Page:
To the best of our knowledge, this is the study with the largest sample to present and compare the characteristics of COPD patients exposed to different risk factors. Herein, we report the demographic features and clinical symptoms of predefined COPD groups in China. In general, COPD patients who are exposed to tobacco plus other risk factors present with more severe clinical symptoms than patients who are exposed to tobacco alone. This difference remained strong even after adjustment for potential confounders. Furthermore, COPD patients exposed to biomass smoke were more likely to be female, older, and more symptomatic, whereas COPD patients exposed to occupational exposures were significantly younger. Therefore, this study confirmed that there are differences in the characteristics of COPD patients exposed to tobacco smoking, biomass smoke, and occupational sources.
It should be highlighted that COPD patients were assigned to the five different subgroups based on exposure to various risk factors in this study. We found that smokers constituted two-thirds of all COPD cases. The same pattern was evident in other studies.19,20 A previous study revealed that tobacco smoking accounted for 35% of the population’s attributable risk for COPD, and the risk increased with pack-years.2 In addition, we noticed that there were many nonsmokers and some smokers exposed to other risk factors at the same time, which may, in turn, affect the symptomatology of patients. Despite the high burden of smokers with COPD, we must pay much more attention to other risk factors.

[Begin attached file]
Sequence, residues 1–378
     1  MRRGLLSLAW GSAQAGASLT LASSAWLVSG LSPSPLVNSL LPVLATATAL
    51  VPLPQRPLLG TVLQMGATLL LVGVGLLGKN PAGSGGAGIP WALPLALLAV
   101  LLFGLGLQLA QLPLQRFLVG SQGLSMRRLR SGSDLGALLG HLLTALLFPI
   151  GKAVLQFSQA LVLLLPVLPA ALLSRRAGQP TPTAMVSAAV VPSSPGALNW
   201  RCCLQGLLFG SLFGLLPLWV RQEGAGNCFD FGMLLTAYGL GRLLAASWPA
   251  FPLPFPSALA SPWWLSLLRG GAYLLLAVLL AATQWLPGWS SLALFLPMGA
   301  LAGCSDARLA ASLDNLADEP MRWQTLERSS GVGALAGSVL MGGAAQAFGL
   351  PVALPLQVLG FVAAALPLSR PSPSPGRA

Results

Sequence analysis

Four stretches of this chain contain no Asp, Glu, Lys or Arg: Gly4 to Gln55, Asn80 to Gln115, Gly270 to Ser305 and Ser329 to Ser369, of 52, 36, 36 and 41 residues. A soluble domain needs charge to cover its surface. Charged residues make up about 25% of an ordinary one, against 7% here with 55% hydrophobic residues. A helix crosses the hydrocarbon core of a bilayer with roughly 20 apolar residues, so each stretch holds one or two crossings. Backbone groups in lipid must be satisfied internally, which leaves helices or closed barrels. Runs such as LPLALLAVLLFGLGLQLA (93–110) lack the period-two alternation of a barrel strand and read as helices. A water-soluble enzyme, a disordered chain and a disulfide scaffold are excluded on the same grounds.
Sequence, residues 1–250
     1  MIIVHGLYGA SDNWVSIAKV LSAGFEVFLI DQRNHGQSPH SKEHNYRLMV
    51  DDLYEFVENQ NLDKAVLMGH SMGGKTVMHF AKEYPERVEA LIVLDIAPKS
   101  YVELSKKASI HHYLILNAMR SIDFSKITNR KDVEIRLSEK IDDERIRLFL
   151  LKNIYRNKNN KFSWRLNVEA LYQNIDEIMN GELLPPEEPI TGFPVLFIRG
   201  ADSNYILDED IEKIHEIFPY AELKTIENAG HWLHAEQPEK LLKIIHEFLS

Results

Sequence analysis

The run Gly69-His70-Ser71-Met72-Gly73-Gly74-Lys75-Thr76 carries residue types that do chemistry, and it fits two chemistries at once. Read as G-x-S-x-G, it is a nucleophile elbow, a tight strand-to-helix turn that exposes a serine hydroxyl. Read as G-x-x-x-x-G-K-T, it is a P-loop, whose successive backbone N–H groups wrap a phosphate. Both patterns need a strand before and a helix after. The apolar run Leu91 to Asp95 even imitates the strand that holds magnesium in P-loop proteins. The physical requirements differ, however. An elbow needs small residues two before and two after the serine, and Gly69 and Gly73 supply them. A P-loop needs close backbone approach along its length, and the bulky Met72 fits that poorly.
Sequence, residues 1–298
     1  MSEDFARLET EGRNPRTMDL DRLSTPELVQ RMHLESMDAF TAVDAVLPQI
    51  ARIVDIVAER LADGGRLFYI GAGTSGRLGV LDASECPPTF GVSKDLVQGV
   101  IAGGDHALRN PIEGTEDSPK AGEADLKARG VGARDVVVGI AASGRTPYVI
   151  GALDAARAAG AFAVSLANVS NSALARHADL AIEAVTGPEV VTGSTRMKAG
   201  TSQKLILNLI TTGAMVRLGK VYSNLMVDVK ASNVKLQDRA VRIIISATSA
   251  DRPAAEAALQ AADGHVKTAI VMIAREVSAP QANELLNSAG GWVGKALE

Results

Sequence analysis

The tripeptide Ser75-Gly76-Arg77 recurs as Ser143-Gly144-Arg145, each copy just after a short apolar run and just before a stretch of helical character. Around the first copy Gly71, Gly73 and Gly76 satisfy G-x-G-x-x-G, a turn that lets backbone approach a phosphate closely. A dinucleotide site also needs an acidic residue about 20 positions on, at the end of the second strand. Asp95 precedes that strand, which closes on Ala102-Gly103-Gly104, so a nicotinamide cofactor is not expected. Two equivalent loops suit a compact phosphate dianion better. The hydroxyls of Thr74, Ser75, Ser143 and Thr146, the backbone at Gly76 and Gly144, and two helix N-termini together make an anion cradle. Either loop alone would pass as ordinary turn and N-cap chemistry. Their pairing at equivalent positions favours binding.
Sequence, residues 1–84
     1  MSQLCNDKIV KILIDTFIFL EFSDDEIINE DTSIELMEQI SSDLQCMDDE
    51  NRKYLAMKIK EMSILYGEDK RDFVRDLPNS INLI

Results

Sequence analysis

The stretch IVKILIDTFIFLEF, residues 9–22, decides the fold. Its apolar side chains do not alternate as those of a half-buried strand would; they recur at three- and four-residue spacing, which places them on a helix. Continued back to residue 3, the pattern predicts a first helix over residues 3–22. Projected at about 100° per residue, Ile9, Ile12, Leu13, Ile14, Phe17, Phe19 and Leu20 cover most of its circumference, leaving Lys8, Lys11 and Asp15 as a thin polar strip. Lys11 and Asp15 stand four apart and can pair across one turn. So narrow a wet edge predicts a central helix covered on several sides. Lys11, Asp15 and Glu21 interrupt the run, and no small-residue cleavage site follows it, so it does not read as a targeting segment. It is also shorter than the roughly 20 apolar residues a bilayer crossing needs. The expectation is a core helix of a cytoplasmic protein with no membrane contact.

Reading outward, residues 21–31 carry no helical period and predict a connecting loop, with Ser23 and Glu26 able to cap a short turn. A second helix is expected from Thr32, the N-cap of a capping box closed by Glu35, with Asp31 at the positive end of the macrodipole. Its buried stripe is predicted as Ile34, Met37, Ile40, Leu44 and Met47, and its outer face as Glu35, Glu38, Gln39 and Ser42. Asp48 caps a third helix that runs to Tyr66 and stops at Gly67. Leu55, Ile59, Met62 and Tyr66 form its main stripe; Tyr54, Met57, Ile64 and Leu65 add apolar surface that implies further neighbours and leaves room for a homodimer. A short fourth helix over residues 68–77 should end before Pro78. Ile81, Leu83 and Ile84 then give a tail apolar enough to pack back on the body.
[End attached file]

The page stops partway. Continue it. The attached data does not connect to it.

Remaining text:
A growing number of studies have provided evidence that the considerable proportion of patients with COPD was significantly associated with occupational exposures.21–23 Recent evidence from a survey conducted in the United States illustrated that a quarter to half of nonsmoking COPD cases could be attributed to occupational exposures.24 The harm caused by occupational dust or gas exposure was more severe in developing countries than in developed countries. However, it is not easy to determine the total amount of occupational exposure, the length of exposure time, and the concentration or type of occupational pollutants, which has made progress in relevant research relatively slow. To the best of our knowledge, China has one of the highest numbers of occupational cases in the world.25 Although there were minimal differences in respiratory symptoms between COPD patients with occupational exposure and smokers alone, there were clear differences in baseline patient characteristics between the groups. We found that COPD patients who were suffering from occupational exposure were the youngest, which is not consistent with the findings of previous studies conducted abroad.7 One explanation could be related to China’s national conditions. Protective measures have been implemented in China to prevent and control occupational diseases, which requires workers exposed to occupational disease hazards to have free medical examinations on schedule. This law makes it possible for more patients aged 40 to 59 years who are engaged in occupational disease-related work to see a doctor, increasing the probability of a diagnosis of COPD. In contrast, smokers with COPD generally consider respiratory symptoms to be associated with the cigarette smoking itself and thus avoid seeking medical attention. Moreover, patients exposed to biomass smoke often live far away from the hospital and under poor economic conditions. Sometimes, these patients do not come to the hospital until they have obvious symptoms.